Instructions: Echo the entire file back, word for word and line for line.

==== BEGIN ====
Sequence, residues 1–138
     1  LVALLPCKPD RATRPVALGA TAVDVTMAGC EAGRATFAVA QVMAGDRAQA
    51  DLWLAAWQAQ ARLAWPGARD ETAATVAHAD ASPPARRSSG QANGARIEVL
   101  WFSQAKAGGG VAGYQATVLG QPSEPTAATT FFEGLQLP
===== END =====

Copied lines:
Sequence, residues 1–138
     1  LVALLPCKPD RATRPVALGA TAVDVTMAGC EAGRATFAVA QVMAGDRAQA
    51  DLWLAAWQAQ ARLAWPGARD ETAATVAHAD ASPPARRSSG QANGARIEVL
   101  WFSQAKAGGG VAGYQATVLG QPSEPTAATT FFEGLQLP